PARK CITY, UT Nov. 22, 2003 (AP) -- Bode Miller charged through the wind and falling snow to come from behind Saturday for his second straight World Cup giant slalom victory.
It was the first victory for an American man in a World Cup ski event in the United States since 1984, when Bill Johnson won a downhill at Aspen.
Miller finished the two runs with a combined time of 2 minutes, 20.84 seconds. Andreas Schifferer of Austria was next at 2:21.70, and teammate Hans Knauss third at 2:21.84.
American Erik Schlopy was leading the first run when he injured his left knee and crashed on a steep section of the 47-gate course. He was taken away on a toboggan and could miss significant time.
"There is a certain rivalry now between the U.S. and Europe," Schifferer said. "Bode is doing so good."
Miller, who won the season-opening giant slalom in Soelden, Austria, on Oct. 26 by 1.12 seconds, took Saturday's race in a two-run time of 2:20.84.
The 26-year-old Miller built his credentials as a silver medalist in both the giant slalom and combined at the Salt Lake Olympics. He also won gold in the combined and silver in the Super G at the 2003 World Championships. Still, he wasn't interested in talk of rivalries.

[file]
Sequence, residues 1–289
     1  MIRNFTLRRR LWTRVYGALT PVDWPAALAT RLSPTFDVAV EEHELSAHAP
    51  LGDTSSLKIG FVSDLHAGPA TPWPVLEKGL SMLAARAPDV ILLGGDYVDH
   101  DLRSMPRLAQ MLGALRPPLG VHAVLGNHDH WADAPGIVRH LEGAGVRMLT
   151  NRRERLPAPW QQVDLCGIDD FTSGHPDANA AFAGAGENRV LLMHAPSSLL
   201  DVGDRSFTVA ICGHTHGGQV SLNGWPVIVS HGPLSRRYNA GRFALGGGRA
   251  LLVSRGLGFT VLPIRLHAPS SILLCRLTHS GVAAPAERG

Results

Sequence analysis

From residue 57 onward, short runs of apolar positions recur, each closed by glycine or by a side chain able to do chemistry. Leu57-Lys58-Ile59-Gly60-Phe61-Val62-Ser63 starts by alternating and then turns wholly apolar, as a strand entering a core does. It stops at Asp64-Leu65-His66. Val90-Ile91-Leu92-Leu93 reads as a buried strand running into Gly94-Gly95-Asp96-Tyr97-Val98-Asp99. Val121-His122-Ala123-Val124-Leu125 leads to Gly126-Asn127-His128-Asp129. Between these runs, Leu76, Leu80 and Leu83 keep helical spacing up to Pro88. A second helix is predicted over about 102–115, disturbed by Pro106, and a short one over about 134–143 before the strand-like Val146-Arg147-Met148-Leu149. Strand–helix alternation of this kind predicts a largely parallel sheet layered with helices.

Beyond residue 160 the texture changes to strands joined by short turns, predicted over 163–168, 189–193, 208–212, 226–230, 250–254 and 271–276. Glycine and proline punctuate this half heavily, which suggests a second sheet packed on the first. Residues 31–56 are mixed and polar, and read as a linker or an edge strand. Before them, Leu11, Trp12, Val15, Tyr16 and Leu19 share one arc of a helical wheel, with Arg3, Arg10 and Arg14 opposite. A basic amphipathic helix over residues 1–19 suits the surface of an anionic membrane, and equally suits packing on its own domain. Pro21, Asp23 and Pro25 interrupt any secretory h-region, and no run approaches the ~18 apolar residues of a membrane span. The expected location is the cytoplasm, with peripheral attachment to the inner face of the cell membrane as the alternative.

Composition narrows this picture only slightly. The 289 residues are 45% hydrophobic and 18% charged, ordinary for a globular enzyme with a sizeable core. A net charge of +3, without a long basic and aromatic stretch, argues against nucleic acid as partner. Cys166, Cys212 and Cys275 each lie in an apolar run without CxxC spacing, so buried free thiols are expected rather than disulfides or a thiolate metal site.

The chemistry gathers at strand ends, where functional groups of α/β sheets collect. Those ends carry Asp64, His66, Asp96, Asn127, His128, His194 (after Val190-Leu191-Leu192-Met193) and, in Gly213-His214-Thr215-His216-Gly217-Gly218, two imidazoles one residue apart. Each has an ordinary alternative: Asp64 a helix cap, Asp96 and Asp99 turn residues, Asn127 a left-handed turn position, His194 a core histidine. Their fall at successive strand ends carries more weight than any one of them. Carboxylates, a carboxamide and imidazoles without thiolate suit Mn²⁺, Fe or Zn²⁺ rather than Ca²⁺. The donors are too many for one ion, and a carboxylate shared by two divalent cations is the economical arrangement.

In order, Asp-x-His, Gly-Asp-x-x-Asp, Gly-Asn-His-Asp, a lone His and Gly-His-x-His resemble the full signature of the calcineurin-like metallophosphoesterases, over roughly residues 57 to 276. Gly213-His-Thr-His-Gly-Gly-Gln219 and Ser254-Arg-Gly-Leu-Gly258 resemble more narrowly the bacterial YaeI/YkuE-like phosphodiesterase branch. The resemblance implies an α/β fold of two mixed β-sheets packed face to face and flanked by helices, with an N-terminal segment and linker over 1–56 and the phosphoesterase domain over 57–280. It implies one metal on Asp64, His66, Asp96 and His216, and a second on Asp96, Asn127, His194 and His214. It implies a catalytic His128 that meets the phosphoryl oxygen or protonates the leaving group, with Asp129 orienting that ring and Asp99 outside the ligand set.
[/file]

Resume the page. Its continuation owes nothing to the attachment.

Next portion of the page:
"I'm not one who is struggling for motivation," Miller said. "I want to win races."
Miller, who trailed Knauss by 0.11 seconds after the first run, outwardly didn't seem bothered by the light snowfall or flat light that made the second run particularly challenging for the racers. He easily erased his first-run deficit.
But he said the poor visibility and winds gusting to 33 mph forced him to temper is normal aggressiveness.
"I could have gone a lot faster in the second run, but I wouldn't have made it (to the bottom)," Miller said. "No one could see anything. It didn't matter if you had X-ray vision, you couldn't see anything."
Schlopy, whose fourth-place finish three years ago was the best performance at Park City by an American in men's competition, crashing on a steep section of C.Bs Run during the first run.
The 31-year-old skier, who was leading the field just before his crash, felt his left knee "pop" while negotiating a turn, went airborne, and landed hard on his left side.
"The injury happened before the crash," said Schlopy, the giant slalom bronze medalist at the 2003 World Championships. "The snow was really aggressive and it just grabbed the ski. I could feel it (the knee) go."
Doctors suspected a ligament injury, but an MRI was planned in the coming days.